I come from a long tradition of public high school. My father was a high school teacher. I attended our local rural high school as a teenager. And I married a man who became a high school teacher. When we had kids, I happily enrolled them in public school as kindergarteners and didn’t feel envious of those who attended the pricey private schools in town. I never questioned that public school was the best option for us, and figured that was the end of it. Then my oldest hit high school, and we realized that he needed MORE – harder classes in the areas that he excelled in, more exposure to different-aged students, and better opportunities than our own rural high school could offer.
Don’t get me wrong. I still love public school. I think it’s a great equalizer so that all kinds of kids sit next to each other, especially ones from different socio-economic statuses and different ethnicities. Our society needs that structure, available for every kid. When I was growing up, that was how I got exposed to things like other religions, other colors of skin, other standards of living. But even so, public high school can be a rough place. You’re only grouped with same-aged kids, and the social pressures can be relentless. Stress in high school has skyrocketed. What’s good for many just isn’t good for all. Although my kids did well enough in school, I could see that they had academic and social needs that weren’t being met. My son developed a deep interest in science, and high level science courses weren’t offered at his high school. My daughter wanted freedom to explore writing at a college level, away from all the social expectations and annoying high school rules. So we started looking to see if they could take classes at our local community college.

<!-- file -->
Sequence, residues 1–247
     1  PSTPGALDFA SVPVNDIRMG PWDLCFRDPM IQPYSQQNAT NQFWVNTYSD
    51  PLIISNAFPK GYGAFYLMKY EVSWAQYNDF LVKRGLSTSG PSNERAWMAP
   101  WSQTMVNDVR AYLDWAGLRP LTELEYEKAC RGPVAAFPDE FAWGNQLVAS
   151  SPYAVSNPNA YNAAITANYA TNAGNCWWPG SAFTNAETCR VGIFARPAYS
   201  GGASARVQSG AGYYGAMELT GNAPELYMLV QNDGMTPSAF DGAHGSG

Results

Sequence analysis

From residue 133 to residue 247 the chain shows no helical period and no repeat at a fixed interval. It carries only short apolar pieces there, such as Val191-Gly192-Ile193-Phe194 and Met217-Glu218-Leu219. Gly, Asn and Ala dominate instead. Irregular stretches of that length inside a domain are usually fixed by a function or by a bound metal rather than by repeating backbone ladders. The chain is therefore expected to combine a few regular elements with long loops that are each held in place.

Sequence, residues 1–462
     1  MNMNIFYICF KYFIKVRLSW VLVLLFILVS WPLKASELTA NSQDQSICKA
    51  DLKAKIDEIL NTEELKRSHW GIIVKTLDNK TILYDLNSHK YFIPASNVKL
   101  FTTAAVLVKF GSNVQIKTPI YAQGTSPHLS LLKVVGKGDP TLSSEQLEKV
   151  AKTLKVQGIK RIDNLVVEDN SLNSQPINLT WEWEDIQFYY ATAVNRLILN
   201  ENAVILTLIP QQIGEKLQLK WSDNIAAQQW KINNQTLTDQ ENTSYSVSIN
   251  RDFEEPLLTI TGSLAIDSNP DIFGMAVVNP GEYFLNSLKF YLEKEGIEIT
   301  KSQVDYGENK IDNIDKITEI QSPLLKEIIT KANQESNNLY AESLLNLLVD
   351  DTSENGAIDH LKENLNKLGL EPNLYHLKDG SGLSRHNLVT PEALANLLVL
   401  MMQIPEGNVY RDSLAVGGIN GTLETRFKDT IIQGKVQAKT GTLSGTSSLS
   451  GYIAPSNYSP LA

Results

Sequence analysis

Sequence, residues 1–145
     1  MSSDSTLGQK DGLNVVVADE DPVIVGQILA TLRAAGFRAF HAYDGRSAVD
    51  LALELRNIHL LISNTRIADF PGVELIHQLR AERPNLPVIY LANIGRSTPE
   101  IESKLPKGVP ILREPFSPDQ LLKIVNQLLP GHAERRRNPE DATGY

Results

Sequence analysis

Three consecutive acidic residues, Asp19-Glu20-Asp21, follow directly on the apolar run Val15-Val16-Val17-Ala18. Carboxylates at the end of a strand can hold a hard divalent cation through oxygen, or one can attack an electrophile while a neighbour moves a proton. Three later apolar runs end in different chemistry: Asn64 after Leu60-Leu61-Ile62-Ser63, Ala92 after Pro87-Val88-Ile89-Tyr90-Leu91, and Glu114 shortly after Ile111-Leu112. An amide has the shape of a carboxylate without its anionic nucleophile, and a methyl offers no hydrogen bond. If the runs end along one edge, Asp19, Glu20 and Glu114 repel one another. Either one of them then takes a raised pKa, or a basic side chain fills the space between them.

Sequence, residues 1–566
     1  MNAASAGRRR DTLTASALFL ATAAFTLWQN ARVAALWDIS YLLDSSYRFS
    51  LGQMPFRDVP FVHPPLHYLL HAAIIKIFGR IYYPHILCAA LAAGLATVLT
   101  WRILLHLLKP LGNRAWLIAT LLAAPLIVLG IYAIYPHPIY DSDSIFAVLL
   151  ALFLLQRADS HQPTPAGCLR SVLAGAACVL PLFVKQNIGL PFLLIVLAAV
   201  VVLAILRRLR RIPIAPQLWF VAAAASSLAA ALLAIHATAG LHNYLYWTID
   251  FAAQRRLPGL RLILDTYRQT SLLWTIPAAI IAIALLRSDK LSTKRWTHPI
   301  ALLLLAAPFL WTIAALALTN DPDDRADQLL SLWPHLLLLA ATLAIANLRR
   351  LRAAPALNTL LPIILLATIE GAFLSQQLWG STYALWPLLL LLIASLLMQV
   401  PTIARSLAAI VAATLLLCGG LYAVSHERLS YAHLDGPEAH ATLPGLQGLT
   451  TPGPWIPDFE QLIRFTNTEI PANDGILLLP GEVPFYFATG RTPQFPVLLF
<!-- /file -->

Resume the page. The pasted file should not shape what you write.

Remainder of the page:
When we started the early college process with my son, it felt like I was suggesting that he visit Mars. Take college classes in high school?? No one seemed to understand why we wanted to do that or how to provide us with help. It’s not that the high school was unsupportive; they just didn’t have much assistance in place to help us navigate. That’s not their job. We had to figure it all out ourselves – how to register, how to choose classes, how to hit high school graduation requirements and be college ready. I felt overwhelmed, and I was working at the community college as a faculty member! I can’t imagine how confused I would have been without my basic understanding of the community college system. Lots of people don’t even know that you can attend college without a high school diploma. Even so, I had a lot of worries as a parent. Was I doing the right thing? Would this be a good opportunity, or was I setting them up for failure?
Things turned out great. My son was able to take science and math courses from both the community college and the local 4 year university. He met new people, and thrived in the academic environment. He learned deeply, far beyond what his high school could allow. Best of all, he came out with a year and a half of college credits that helped tremendously during his first year of college under COVID restrictions. He was fortunate to earn a Presidential Scholarship to our state university, which fully pays his tuition and fees. I firmly believe that his Early College success was the deciding factor in him earning that award, which has been a financial game-changer for our family. My daughter, who never loved school and has always chafed against busy work and hoop-jumping, is finally engaged in her college writing class. She can now see herself as a successful college student, when she used to feel ready to bail on college entirely.
I can’t say for sure if Early College is right for your family. I know there are a lot of factors to consider, and it can feel like a huge decision to make. But for my family, for my two very different but deserving teenagers, it was the best move we could have made. I wouldn’t go back and change a thing. The only part I wish was different is that I could have had more support and guidance. That’s what’s so exciting about Jump Ed – we provide that support! It’s like having a copilot for that trip to Mars. Do you need a copilot, or just a warm, friendly mentor on this journey for your teen?